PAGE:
Thinking on the Front Line Why some social work teams struggle and others thrive

Prof Doc Thesis


Foster, Judy 2009. Thinking on the Front Line Why some social work teams struggle and others thrive. Prof Doc Thesis University of East London Cass School of Education and the Communities
AuthorsFoster, Judy
TypeProf Doc Thesis
Abstract

This is a study of problem solving by social workers and analyses what supported or prevented creative thinking. It is a multiple-case study of three social work teams working with vulnerable adults at risk of abuse and those with borderline traits. The three teams respectively: supported people with disabilities in the community; arranged care for people discharged from hospital; and helped homeless mentally ill people.

The psychoanalytically informed observations provided depth insights into the unconscious preoccupations of the teams through counter-transference. These allowed understanding of the emotional meaning of the work for each team, the
anxieties against which the teams were defending, and the unconscious contribution of the service users.

Interviews informed a meta-comparison between the teams. This identified five enabling factors that influenced their ability to function well: the coherence of policies, the degree of professional development among staff, the availability of mental space for creative problem solving, the level of autonomy assumed, and the availability of support structures. The importance of sensitivity to the
emotional meaning of the work became evident, and the value of training and learning opportunities.

The study found that the team which used mental space - through case discussions, supervision and shared working - helped a challenging client group, made a business case for resources, and was sensitive to the emotional undercurrents. But it found that the teams which had limited mental space and supervision, due to lack of staff and high demand, were less able to focus on creative problem solving.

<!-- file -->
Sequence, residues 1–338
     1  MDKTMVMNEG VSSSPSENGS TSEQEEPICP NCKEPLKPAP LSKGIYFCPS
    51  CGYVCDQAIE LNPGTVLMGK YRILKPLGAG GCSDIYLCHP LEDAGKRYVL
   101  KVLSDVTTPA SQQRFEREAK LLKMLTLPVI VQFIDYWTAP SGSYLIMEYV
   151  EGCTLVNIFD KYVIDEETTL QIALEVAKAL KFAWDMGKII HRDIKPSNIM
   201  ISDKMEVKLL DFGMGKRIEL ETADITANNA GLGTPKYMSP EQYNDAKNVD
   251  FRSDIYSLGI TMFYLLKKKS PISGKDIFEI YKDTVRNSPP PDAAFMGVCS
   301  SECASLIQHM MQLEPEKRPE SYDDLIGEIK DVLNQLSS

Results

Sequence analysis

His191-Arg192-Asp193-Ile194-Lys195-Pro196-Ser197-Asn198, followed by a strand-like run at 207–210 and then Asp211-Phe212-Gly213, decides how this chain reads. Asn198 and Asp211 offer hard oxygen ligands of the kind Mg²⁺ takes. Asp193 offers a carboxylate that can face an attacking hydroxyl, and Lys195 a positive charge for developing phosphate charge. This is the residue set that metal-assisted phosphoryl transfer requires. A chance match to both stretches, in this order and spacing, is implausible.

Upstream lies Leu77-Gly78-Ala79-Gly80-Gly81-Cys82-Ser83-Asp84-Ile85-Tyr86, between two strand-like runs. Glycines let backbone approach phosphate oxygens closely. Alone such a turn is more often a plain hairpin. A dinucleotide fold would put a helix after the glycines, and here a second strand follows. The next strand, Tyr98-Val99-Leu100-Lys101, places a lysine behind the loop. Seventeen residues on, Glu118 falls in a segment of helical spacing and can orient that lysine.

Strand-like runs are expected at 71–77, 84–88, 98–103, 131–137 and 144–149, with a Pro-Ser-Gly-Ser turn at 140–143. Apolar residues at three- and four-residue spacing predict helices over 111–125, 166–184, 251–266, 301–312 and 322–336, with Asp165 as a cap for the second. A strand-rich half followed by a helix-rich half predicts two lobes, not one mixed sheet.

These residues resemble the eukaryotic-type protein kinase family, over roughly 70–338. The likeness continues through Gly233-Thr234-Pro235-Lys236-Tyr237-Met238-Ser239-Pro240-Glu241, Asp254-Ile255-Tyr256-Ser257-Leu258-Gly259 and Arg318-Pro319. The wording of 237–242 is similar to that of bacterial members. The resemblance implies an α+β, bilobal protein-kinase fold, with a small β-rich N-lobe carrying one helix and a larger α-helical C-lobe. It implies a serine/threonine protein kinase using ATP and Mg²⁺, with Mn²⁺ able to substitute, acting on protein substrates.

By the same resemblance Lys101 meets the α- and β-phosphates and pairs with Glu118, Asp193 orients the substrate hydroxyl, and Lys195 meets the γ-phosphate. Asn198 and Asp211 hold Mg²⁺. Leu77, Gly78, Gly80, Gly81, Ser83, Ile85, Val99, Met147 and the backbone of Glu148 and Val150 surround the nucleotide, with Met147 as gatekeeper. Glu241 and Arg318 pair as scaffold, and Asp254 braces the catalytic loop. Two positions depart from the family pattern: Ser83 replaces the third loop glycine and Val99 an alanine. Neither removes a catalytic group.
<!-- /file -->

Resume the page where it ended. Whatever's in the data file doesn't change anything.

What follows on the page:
The research concludes that all five enabling factors are crucial for social work teams. It makes a number of recommendations to encourage best practice, including training in clinical supervision and management.

KeywordsSocial work; Current social work practice; Vulnerable adults
Year2009
Publication dates
PrintJan 2009
Publication process dates
Deposited09 Jan 2014
Additional information

This thesis supplied via ROAR to UEL-registered users is protected by copyright and other intellectual property rights, and duplication of any part of the material is not permitted, except for your personal use for the purposes of non-commercial research and private study in electronic or print form. You must obtain permission from the copyright-holder for any other use. Electronic or print copies may not be offered, for sale or otherwise, to anyone. No quotation from the thesis may be published without proper acknowledgement.

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